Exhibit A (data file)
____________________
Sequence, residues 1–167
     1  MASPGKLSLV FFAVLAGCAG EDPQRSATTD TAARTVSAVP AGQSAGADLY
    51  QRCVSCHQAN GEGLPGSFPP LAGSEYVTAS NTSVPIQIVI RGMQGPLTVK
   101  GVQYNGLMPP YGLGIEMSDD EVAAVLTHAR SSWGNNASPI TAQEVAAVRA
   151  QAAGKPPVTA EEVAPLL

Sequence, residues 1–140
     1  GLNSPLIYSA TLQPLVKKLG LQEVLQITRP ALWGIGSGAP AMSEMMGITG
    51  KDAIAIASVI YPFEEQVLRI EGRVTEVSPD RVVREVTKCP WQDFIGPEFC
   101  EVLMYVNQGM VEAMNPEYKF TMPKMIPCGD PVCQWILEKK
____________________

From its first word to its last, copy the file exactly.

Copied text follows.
Sequence, residues 1–167
     1  MASPGKLSLV FFAVLAGCAG EDPQRSATTD TAARTVSAVP AGQSAGADLY
    51  QRCVSCHQAN GEGLPGSFPP LAGSEYVTAS NTSVPIQIVI RGMQGPLTVK
   101  GVQYNGLMPP YGLGIEMSDD EVAAVLTHAR SSWGNNASPI TAQEVAAVRA
   151  QAAGKPPVTA EEVAPLL

Sequence, residues 1–140
     1  GLNSPLIYSA TLQPLVKKLG LQEVLQITRP ALWGIGSGAP AMSEMMGITG
    51  KDAIAIASVI YPFEEQVLRI EGRVTEVSPD RVVREVTKCP WQDFIGPEFC
   101  EVLMYVNQGM VEAMNPEYKF TMPKMIPCGD PVCQWILEKK